Some of my most treasured childhood toys were Smith-Miller trucks. These large-scale die-cast trucks were not museum-quality scale models, but they were realistic, fun to play with, and practically indestructible. I had four Smith-Miller trucks, all of which were purchased at a small, independent toy store that maintained a somewhat exotic stock. (I don’t recall seeing these toys at any other store.) My favor truck was a hook and ladder fire engine. (See the picture below, which is of an identical truck).
For some reason, I decided to look up Smith-Miller on the Web the other day. I was surprised that Wikipedia had no entry for it. However, I did find a corporate Web site for Smith-Miller, Inc. The site announces “Handmade Scale Toy Trucks in Miniature.”
I was happy to see that Smith-Miller trucks have not disappeared. The story of the company is not simple, however. I haven’t been able to learn much about the early history of Smith-Miller. It went out of business sometime in the 1950s, but it didn’t do it in the usual way. It simply stopped operating, leaving everything in the factory in place. A totally different company operated out of a portion of the toy company factory.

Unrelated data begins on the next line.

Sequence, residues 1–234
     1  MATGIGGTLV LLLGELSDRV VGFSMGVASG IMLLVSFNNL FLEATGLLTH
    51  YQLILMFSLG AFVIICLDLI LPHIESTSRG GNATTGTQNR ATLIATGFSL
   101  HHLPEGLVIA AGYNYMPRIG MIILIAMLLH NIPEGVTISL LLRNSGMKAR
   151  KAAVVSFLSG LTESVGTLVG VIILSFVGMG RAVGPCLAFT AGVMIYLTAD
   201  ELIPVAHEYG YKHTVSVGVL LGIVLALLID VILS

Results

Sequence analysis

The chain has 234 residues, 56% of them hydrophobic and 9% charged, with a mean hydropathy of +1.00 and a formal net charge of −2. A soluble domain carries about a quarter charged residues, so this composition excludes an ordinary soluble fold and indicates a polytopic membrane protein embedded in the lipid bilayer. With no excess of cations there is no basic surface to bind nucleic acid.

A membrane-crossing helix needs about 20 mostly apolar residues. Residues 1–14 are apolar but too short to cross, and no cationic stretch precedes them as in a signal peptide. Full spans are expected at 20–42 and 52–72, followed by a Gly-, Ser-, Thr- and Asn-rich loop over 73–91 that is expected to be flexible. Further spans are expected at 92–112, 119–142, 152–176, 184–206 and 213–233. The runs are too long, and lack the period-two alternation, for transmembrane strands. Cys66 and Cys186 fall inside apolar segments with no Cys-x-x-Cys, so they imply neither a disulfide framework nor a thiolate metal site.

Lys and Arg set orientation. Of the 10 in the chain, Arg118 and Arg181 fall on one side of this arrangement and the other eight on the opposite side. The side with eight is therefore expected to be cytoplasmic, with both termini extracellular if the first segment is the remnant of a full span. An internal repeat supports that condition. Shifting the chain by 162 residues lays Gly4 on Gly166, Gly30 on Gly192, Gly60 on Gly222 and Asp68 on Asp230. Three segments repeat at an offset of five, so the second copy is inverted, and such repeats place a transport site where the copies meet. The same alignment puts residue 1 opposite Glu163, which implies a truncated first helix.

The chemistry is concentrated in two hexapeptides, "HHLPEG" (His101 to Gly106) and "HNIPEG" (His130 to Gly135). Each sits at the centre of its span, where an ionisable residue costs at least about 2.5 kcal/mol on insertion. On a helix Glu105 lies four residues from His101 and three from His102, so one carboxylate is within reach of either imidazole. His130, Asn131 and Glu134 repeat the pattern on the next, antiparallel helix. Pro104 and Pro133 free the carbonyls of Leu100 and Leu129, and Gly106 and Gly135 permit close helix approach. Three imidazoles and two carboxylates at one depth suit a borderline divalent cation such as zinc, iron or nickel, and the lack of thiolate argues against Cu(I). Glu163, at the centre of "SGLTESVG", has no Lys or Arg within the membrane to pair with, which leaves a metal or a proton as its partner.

The subsequent history of Smith-Miller is recounted on the About Us/History page of the current company Web site. In 1979, a collector who had managed to track down the remains of the company in Los Angeles in search of parts arranged to buy what was left—lock, stock, and barrel—less the factory building itself. Eventually, that collector, Fred Thompson, sold off existing stock, including trucks that first had to be completed. The resurrected Smith-Miller then began producing trucks from new designs.
Not many kids will likely be finding shiny new Smith-Miller trucks under the Christmas tree. The trucks, which seem even better than the old ones, have an average price of about $1,000. (Currently available trucks can be found here.) It’s nice to know they’re out there though.